- Open Access
Astrocytes differentially respond to inflammatory autoimmune insults and imbalances of neural activity
Acta Neuropathologica Communications volume 1, Article number: 70 (2013)
Neuronal activity intimately communicates with blood flow through the blood–brain barrier (BBB) in the central nervous system (CNS). Astrocyte endfeet cover more than 90% of brain capillaries and interact with synapses and nodes of Ranvier. The roles of astrocytes in neurovascular coupling in the CNS remain poorly understood.
Here we show that astrocytes that are intrinsically different are activated by inflammatory autoimmune insults and alterations of neuronal activity. In the progression of experimental autoimmune encephalomyelitis (EAE), both fibrous and protoplasmic astrocytes were broadly and reversibly activated in the brain and spinal cord, indicated by marked upregulation of glial fibrillary acidic protein (GFAP) and other astrocytic proteins. In early and remitting EAE, upregulated GFAP and astrocytic endfoot water channel aquaporin 4 (AQP4) enclosed white matter lesions in spinal cord, whereas they markedly increased and formed bundles in exacerbated lesions in late EAE. In cerebellar cortex, upregulation of astrocytic proteins correlated with EAE severity. On the other hand, protoplasmic astrocytes were also markedly activated in the brains of ankyrin-G (AnkG) and Kv3.1 KO mice, where neuronal activities are altered. Massive astrocytes replaced degenerated Purkinje neurons in AnkG KO mice. In Kv3.1 KO mice, GFAP staining significantly increased in cerebellar cortex, where Kv3.1 is normally highly expressed, but displayed in a patchy pattern in parts of the hippocampus.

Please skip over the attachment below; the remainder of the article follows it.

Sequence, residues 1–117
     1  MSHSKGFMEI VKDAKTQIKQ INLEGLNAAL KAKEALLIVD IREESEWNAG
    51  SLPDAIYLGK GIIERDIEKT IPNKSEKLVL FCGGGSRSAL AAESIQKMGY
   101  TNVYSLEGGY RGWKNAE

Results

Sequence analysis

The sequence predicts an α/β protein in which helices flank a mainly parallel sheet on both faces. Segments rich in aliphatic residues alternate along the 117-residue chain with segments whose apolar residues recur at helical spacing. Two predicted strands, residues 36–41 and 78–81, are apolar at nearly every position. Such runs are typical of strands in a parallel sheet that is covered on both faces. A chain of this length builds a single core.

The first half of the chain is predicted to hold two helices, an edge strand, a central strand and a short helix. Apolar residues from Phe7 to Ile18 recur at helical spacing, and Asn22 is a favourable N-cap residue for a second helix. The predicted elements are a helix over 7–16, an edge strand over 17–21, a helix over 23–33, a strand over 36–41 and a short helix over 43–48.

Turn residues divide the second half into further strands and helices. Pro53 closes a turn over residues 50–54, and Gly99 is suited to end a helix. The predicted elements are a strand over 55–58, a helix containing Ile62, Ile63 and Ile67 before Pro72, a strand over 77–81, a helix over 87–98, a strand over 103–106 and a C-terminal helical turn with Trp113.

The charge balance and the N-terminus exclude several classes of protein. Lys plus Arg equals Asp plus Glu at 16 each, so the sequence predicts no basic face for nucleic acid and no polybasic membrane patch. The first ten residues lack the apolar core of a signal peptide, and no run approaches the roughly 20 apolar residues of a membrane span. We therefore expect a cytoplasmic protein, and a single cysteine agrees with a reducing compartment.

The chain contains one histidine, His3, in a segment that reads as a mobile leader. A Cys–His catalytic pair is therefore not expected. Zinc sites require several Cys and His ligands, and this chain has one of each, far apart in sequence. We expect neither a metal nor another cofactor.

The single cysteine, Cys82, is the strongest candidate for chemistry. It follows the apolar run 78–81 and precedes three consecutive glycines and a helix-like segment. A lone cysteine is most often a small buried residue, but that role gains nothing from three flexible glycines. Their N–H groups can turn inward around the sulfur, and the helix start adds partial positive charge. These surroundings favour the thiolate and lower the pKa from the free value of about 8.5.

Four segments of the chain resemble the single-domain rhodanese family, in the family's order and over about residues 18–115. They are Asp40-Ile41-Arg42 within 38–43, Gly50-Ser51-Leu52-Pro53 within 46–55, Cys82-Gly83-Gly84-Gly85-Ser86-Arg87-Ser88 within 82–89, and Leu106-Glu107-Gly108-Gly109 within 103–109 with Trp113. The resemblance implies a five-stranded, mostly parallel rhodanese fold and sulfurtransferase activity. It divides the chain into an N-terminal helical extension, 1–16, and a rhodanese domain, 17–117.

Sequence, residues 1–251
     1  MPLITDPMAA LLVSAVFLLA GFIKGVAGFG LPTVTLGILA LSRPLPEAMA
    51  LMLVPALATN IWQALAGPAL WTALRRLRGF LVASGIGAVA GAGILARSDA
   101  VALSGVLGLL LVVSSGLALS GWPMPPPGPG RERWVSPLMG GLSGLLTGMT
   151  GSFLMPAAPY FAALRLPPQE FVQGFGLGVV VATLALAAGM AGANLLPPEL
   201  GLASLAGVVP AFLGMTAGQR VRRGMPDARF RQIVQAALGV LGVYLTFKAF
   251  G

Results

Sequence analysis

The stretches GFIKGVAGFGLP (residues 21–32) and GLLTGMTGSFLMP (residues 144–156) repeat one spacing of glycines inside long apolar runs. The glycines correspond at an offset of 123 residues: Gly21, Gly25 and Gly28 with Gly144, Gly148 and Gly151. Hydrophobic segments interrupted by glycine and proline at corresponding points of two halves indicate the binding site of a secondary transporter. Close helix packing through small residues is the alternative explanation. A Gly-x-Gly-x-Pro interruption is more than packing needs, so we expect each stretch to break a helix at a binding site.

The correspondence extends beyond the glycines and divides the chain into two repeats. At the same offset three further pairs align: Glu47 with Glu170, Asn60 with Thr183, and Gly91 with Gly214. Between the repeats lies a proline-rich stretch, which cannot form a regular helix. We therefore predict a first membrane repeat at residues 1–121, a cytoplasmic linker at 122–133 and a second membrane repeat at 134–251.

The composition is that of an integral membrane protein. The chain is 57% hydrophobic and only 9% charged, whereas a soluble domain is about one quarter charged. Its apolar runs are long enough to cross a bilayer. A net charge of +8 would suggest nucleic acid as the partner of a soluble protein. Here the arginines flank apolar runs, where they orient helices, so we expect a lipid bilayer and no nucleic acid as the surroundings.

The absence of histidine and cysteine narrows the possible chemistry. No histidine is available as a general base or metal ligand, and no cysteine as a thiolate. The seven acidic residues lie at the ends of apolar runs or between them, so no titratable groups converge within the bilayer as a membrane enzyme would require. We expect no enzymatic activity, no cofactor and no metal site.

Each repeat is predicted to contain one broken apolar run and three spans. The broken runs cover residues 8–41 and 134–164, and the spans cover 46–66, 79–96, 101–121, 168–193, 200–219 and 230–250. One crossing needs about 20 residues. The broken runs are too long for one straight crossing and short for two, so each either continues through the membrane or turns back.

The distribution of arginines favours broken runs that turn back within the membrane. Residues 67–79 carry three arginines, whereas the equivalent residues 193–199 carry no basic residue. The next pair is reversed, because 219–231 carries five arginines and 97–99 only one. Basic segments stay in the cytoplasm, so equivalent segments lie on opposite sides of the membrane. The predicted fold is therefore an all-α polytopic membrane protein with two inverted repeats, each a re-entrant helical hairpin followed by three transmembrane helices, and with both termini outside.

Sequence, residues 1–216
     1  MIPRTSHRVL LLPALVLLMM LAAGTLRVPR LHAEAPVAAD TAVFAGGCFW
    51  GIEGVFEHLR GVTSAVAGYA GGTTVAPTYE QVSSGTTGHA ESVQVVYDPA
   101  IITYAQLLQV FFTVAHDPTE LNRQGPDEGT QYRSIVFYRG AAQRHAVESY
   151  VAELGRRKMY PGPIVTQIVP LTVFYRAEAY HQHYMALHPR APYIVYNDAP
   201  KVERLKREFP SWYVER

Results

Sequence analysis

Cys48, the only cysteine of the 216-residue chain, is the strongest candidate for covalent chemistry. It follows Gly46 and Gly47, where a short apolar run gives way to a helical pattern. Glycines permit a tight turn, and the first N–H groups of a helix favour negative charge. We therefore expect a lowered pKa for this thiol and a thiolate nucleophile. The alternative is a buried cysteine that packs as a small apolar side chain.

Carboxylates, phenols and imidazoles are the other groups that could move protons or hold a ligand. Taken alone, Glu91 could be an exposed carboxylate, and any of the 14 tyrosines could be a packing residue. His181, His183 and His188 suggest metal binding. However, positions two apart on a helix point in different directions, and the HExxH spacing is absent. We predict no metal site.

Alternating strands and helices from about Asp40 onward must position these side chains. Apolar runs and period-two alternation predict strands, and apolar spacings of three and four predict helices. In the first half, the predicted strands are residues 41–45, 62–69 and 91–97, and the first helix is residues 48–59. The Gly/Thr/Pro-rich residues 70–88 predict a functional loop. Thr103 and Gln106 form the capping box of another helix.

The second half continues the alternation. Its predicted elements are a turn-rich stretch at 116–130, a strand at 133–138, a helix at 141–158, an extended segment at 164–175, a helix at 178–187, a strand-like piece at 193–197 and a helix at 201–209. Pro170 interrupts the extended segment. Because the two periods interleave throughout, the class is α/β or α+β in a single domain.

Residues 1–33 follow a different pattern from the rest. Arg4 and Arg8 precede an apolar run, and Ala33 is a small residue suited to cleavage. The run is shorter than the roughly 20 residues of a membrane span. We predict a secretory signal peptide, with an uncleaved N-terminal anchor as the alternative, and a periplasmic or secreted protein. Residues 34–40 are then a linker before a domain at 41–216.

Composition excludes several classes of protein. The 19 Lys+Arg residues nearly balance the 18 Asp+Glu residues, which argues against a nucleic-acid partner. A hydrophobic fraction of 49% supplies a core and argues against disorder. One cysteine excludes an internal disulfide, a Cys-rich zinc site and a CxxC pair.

Thus, astrocytes can detect changes in both blood and neurons, which supports their central role in neurovascular coupling. These studies contribute to the development of new strategies of neuroprotection and repair for various diseases, through activity-dependent regulation of neurovascular coupling.
Normal functions of the CNS rely critically on the proper structure and function of the vascular system. Blood vessels provide neurons with oxygen and nutrients and protect them from toxins and pathogens. Neurons, in turn, control blood vessel dilation and contraction. The neurovascular unit consists of neurons, glia (astrocytes, microglia and oligodendrocytes), and vascular cells (endothelia, pericytes and smooth muscle cells). Vascular cells form the BBB and maintain the chemical and cellular composition of the neuronal microenvironment, which is required for proper functioning of neuronal synapses and circuits. Emerging evidence shows some neurodegenerative diseases, such as Alzheimer’s disease, amyotrophic lateral sclerosis, and multiple sclerosis (MS), are initiated and perpetuated by vascular abnormalities [1–3]. Understanding neurovascular coupling will advance the diagnosis, therapy, and prevention of these diseases.
Astrocytes play a key role in neurovascular coupling. Astrocytes outnumber neurons in human brain and spinal cord  and fulfill important roles in regulating synapse formation and function , and axon myelination [6, 7], as well as neurovascular coupling . They are a diverse group of cells in the CNS and can be divided into two major groups. Protoplasmic astrocytes are found in gray matter and their endfoot processes ensheath synapses. Fibrous astrocytes reside in white matter and their endfeet contact myelin membranes and nodes of Ranvier . Endfeet of both types of astrocytes cover more than 90% of brain capillaries [9, 10].